A Plea to Churches: Give Our Young Leaders Power

Live from the Presbyterian Church USA 223rd General Assembly in St. Louis:

We elected amazing new Co-Moderators on Saturday night and – as with all votes – “Advisory Delegates” cast their votes first.  And then the actual Commissioners vote after being advised.

Our General Assembly Advisory Delegates include Young Adults (YAADs), Theological Students (TSADs), Ecumenical representatives (EADs), and Missionaries (MADs) and you can read more about them here.  The largest group are the YAADs who range from ages 17-23 and they are among the most important voices at the Assembly . . . except that their voices do not count in the official votes.  They are not voting commissioners.

Please note in my photos from Saturday night that the age breakdown in terms of voting commissioners looks like this:

  • Under Age 20 – 5 (1%)
  • Ages 21-40 – 62 (10%)
  • Ages 41-65 – 277 (53%)
  • Over 65 – 144 (36%)

This looks pretty much the demographics for other denominations, but we have the power to make real changes in our denomination because we do not have bishops.  We can make our “corporate bishop” – the body of the General Assembly – younger by virtue of electing younger commissioners.

All commissioners to GA must be either Ruling Elders or Ministers of the Word and Sacraments and I’ve noticed that Ruling Elders and Ministers of the Word and Sacrament are elected to become official GA Commissioners after:

  • They have suggested their own names or their names have been suggested and then they are elected by their Presbyteries.
  • They have been nominated by a committee and are then elected by their Presbyteries.
  • Someone begs them to go (because nobody seems to want to go) and then they are elected by their Presbyteries.

Ministers of the Word and Sacrament – unless they graduated very early from high school and/or college are at least 24 years old after graduating also from seminary.  Ruling elders can be any age after confirmation – usually at least 13 years old.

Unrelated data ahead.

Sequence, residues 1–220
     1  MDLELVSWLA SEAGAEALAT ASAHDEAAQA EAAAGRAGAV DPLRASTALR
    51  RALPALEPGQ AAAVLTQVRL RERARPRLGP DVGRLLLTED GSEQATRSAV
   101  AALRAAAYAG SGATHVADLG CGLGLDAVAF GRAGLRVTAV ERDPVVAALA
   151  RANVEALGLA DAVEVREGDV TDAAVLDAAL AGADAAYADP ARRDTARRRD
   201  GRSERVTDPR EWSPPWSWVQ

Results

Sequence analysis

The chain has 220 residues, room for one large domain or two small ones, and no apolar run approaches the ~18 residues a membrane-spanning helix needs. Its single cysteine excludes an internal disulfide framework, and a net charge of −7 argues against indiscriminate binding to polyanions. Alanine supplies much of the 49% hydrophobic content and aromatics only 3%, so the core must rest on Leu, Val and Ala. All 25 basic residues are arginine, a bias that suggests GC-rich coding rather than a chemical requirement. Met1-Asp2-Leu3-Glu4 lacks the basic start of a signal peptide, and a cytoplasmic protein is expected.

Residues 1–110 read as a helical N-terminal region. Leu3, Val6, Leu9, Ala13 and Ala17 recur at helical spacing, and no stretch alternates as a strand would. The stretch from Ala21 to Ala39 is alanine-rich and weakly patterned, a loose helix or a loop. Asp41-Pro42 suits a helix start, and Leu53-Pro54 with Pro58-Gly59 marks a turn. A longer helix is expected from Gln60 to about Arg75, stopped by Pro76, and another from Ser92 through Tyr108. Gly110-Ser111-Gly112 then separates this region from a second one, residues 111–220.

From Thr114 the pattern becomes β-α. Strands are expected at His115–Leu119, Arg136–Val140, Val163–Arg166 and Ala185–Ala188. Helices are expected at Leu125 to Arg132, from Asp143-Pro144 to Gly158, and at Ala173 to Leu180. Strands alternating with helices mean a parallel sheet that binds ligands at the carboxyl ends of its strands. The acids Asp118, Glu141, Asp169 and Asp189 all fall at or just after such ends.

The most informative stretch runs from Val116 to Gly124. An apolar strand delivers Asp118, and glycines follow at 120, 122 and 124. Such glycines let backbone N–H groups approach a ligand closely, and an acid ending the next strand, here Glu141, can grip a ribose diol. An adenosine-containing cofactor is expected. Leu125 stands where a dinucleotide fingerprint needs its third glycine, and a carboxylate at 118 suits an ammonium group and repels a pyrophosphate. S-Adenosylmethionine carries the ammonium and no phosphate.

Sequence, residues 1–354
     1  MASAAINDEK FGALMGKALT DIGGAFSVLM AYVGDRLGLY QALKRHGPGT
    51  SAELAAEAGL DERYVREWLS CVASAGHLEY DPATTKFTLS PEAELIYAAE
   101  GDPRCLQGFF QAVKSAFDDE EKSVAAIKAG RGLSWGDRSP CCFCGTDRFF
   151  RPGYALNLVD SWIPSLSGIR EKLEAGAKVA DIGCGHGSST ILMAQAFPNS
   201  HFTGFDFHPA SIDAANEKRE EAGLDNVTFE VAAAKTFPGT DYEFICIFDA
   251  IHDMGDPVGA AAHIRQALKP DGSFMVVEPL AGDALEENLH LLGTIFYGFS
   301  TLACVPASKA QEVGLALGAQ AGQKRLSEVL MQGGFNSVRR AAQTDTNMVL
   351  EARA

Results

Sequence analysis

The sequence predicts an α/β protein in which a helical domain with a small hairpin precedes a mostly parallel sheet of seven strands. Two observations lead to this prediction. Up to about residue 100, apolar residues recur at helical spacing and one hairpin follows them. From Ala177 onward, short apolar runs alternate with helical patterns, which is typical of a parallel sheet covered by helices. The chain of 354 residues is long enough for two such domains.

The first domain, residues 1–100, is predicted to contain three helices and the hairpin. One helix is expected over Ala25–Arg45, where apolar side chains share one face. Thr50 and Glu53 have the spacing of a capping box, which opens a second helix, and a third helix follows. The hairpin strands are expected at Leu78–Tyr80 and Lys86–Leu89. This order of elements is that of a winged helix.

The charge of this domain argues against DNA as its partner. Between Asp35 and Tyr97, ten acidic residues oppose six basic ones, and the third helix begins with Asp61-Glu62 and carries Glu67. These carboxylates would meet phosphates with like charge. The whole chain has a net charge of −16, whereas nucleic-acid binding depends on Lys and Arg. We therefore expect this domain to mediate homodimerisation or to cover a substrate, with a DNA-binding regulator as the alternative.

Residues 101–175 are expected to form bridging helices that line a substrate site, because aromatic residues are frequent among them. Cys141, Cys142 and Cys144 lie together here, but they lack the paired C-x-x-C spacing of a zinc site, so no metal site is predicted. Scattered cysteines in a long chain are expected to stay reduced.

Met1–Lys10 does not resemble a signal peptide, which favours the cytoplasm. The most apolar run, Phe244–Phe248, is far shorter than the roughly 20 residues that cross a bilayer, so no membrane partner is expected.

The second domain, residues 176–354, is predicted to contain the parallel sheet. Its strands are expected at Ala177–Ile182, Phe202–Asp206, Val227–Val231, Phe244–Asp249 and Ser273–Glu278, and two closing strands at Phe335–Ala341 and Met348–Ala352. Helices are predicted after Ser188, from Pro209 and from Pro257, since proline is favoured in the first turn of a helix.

As a former Co-Moderator of the 222nd General Assembly and as a former pastor and as a current Mid-Council leader, I am asking/begging/imploring/faithfully encouraging/praying that:

  1. Our congregations will strive to elect faithful teenagers to serve on our Sessions/Boards of Elders
  2. Our Presbyteries will strive to elect at least one commissioner to the 224th General Assembly in Baltimore who is under age 35.

Maybe your congregation does not have “young people.” But if you have a high school within 10 miles of your church building, you have young people in your community. 

  • Why are they not part of your congregation?  (Be careful for what you pray for.  The teenagers in your community might want to change some things.)
  • What is breaking their hearts and are you interested in addressing that issue in the name of Jesus?  If you don’t know or you don’t care, then your church is on the cusp of closing no matter what else you are doing.

There are young clergy people in most of our Presbyteries.  Please – for the love of God – do not use the responsibility of General Assembly Commissioners to reward older pastors for years of devotion to the institution.  Please do not elect commissioners who have no idea how to serve the 21st Century Church.  There are young in heart but older clergy who would also make excellent GA Commissioners in 2020.  Please, please, please start seeking them out now and keep your eye on the young and newly ordained as well.

This is how a denomination thrives:  when we have diversity – including age diversity.

(Also look for diversity in terms of life experience, skin color, gender and sexuality, and theology.  We best reflect God when we reflect the diversity around us that God made.)

I look forward to different age demographics among our voting commissioners in 2020.  Who’s with me?

Images are –  from top down – of the 222nd General Assembly YAADs in 2016, the 223rd General Assembly Advisory Delegate age demographics, and the 223rd General Assembly Commissioners age demographics.

 

 

 

 

2 responses to “A Plea to Churches: Give Our Young Leaders Power

  1. CRAIG T. BARTH

    Amen!!! When I was a commissioner for GA 220 the age distribution was even more lopsided. As I recall, the median age for commissioners (dont recall of it was just for R.E.’s or all commissioners) was 74. I support all measures to get younger, qualified adults “to the table”.

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  2. I wish that we had actually taken actions which would allow younger people to serve in leadership in our denomination at this GA. Increasingly I think we should move in the direction of the UCC and abolish the “corporate office” of elder. Instead any lay person could serve in any office throughout the church. Congregations would be empowered to send delegates to Presbytery meetings and would have their total membership able to be in those roles. In my congregation I see so many people who would love to get more involved in the Presbytery but are not able to because they’re not “ordained” as an elder. It’s ridiculous and disturbing to my ecumenical partner friends when I explain how we have a “two-tiered” lay system where some get to have their voices heard but the majority have no real voice.

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